Boomers are now biggest group of buyers
Millennials dominated the market in 2021, but as affordability pushed younger buyers to the sidelines, boomers took over as the top group of buyers 2022.
- Rising interest rates and high home prices stymied millennials in 2022.
- The share of first-time buyers dropped to a record-low 26%.
- Buyers are moving farther away, but they intend to stay in their new homes longer.
Thanks to a challenging real estate market, baby boomers are back in the homebuying driver's seat.
The older generation overtook millennials as the generation with the largest share of homebuyers last year, according to a new report from the National Association of Realtors. The 2023 Home Buyers and Sellers Generational Trends report found that the boomer generation had a 39% share of home purchases in 2022, while millennials had 28%.
It's a fairly dramatic change compared to 2021, when millennials had a 43% share compared to the boomers' 28%.
First-time buyers at a disadvantage, while boomers had equity
Two main factors accounted for the generational change, said Jessica Lautz, NAR's deputy chief economist. For one, millennials are still largely first-time homebuyers — a group that struggled with affordability last year.
Affordability had a big impact in 2022, reducing the share of first-time buyers to 26% — the lowest it's been since NAR began tracking this data.
Second, more younger boomers are transitioning into retirement and looking to move closer to grandchildren, other family members or possibly their dream home in a different part of the country.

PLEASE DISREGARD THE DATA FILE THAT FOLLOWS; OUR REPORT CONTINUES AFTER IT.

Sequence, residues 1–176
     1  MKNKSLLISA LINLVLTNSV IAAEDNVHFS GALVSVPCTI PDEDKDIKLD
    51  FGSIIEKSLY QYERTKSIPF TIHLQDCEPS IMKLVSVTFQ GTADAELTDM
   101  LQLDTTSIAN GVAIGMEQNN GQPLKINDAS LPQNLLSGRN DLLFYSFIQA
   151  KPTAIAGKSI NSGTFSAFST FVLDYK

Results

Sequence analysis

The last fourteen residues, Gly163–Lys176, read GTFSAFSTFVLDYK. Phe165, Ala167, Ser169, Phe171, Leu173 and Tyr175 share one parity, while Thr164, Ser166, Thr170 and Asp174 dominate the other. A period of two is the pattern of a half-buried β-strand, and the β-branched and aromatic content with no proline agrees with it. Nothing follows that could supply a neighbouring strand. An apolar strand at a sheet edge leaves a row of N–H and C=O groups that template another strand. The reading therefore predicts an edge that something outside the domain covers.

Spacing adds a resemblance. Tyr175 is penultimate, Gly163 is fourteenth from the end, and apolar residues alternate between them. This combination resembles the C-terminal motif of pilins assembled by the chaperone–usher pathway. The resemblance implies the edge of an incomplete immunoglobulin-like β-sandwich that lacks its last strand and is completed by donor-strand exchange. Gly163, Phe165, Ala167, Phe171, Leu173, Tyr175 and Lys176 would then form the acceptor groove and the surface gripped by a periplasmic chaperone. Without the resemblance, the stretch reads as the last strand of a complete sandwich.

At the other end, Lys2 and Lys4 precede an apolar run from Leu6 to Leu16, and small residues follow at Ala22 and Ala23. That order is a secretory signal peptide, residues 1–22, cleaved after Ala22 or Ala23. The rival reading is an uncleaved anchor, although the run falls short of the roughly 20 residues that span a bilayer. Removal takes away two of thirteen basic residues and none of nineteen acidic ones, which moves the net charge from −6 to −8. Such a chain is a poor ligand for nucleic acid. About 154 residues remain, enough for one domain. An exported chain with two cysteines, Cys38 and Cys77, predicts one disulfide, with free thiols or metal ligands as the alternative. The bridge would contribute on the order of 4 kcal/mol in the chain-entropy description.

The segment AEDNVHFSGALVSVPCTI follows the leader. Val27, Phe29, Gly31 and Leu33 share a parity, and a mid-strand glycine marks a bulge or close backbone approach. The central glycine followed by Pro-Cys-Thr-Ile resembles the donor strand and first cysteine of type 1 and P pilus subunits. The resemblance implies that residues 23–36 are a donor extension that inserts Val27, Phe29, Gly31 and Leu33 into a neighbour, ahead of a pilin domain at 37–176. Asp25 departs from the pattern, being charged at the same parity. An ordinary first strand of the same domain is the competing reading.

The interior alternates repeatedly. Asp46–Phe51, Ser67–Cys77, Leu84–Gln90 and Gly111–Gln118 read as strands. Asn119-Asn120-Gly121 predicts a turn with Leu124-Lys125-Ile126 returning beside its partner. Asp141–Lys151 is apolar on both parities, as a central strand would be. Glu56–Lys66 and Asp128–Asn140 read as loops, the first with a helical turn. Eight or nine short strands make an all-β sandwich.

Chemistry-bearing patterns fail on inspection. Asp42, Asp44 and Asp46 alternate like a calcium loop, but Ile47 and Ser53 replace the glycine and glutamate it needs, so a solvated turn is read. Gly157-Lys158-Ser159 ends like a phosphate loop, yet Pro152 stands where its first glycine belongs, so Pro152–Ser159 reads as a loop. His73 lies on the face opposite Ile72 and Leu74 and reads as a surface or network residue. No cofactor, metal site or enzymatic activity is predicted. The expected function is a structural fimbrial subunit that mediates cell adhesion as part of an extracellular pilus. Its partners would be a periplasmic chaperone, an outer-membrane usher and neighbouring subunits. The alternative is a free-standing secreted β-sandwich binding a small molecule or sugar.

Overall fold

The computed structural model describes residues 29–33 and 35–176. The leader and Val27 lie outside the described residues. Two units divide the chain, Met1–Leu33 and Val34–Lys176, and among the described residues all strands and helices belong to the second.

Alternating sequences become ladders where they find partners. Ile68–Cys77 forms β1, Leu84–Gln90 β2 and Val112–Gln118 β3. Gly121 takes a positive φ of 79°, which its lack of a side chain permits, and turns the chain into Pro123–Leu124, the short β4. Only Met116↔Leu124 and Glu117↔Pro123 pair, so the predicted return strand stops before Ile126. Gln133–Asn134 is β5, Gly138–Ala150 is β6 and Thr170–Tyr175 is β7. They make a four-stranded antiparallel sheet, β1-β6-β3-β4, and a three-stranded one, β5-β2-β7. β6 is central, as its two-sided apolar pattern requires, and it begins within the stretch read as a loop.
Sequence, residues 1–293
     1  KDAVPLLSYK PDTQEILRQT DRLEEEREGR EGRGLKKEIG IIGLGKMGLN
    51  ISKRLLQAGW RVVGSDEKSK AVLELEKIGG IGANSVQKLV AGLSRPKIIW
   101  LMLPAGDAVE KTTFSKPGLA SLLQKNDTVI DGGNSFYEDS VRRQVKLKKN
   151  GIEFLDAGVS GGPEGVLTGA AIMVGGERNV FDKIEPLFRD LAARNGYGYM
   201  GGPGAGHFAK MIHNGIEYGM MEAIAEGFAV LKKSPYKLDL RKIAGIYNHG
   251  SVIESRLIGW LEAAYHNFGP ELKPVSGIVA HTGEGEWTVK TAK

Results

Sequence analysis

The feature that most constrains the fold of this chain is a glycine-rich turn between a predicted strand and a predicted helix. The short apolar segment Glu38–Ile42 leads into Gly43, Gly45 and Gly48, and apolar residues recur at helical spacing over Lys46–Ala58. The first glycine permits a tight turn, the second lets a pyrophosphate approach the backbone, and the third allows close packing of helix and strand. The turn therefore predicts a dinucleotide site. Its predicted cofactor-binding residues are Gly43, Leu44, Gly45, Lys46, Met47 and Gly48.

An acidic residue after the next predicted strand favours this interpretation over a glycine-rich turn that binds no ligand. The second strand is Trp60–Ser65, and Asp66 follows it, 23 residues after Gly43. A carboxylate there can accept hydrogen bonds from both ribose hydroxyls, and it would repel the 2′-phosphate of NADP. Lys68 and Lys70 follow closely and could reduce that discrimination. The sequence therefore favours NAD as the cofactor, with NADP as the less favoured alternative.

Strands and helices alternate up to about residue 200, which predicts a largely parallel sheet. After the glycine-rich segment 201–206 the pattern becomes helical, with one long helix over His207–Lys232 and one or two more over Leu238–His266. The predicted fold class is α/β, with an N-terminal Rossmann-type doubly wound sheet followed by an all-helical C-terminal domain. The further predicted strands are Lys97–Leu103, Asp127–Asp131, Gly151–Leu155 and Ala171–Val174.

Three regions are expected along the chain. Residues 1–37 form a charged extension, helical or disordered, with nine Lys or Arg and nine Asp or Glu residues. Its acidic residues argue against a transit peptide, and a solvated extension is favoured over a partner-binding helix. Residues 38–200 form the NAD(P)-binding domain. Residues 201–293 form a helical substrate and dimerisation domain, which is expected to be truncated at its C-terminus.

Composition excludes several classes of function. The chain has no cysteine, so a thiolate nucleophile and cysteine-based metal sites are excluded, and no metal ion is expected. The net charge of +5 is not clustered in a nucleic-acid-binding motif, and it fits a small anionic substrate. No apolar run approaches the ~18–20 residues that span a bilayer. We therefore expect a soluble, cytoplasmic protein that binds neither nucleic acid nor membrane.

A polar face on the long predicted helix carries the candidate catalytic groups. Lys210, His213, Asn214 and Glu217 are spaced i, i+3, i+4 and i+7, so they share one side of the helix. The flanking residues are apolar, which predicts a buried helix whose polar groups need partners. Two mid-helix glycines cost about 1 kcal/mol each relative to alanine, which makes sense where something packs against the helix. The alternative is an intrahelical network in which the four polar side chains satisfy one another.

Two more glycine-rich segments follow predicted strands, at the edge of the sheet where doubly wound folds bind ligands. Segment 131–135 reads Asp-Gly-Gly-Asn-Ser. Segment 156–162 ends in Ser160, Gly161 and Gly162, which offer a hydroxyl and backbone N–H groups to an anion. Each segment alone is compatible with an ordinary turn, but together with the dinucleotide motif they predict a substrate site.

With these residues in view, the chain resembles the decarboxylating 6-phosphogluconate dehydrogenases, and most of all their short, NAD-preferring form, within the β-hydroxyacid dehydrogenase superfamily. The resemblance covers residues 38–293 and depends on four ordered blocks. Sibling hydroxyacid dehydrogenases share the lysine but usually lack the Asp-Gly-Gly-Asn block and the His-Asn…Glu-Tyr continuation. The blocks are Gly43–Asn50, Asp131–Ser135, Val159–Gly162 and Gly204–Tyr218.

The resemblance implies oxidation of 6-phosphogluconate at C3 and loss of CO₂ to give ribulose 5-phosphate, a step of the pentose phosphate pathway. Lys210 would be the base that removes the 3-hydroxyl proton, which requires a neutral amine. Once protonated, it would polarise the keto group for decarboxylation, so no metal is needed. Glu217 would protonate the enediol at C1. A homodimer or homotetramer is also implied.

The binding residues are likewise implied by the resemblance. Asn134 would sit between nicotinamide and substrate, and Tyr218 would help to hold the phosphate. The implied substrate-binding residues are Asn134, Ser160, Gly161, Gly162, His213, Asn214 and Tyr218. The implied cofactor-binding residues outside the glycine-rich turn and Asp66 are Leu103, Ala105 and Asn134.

Baby boomers were better able to make that transition last year because they could use the equity they had built up to avoid taking out mortgages with elevated interest rates, Lautz said in a phone interview.
Youngest buyers doubled their market share
The survey also found that Generation Z gained market share, increasing from 2% to 4%, as more of them entered their homebuying years in 2022.
Gen Z, which is just beginning to hit the 18-23 age bracket, may have received more help from parents to make that first-time home purchase. An estimated 30% of Gen Z homebuyers went directly from the family home into their own place.
"Perhaps [Gen Z] had the bank of mom and dad that really encouraged them to make this purchase," Lautz said, noting that this may have happened more in the first half of the year when interest rates were lower.
Gen X has buying power, unique needs
Sandwiched between two large generations, Gen Xers are still having an impact on homebuying. They are generally the highest income earners at the peak of their careers and can trade an equity-rich home for something new.
Lautz said Gen X buyers are also more likely to be looking for a larger home that serves multiple generations so they can take care of both children and aging parents.
"They are in a more unique situation in that they need to find a home that can accommodate everyone," Lautz said.
More buyers relocating, but expect to stay in homes longer
Another noticeable trend is that buyers are moving farther away. Buyers moved a median of 50 miles when relocating, the highest distance ever recorded and a big jump from 2021, when the median was 15 miles. The ability to work remotely, a desire to find more affordable locations and retirement property purchases contributed to the jump in 2022.
Younger baby boomers (58-67) moved the furthest, with a median distance of 90 miles, while younger generations tended to move shorter distances. Lautz said that because the younger boomers are reaching retirement age and aren't tied to a job, they may have the flexibility to move farther away.
The survey found that buyers in 2022 expected to stay in their home for 15 years on average, which is higher than the 12-year expectation in 2021. For younger millennials, the expected duration was only 10 years, compared to 20 years for baby boomers. Gen Z buyers appeared ready to settle in for the long haul, with plans on to stay in their new home for an average of 19 years.
On the selling side, boomers remained in firm control, representing 52% of the market in 2022. That's up from 42% in 2021. Among all generations, sellers on average were in their homes 10 years before putting it on the market.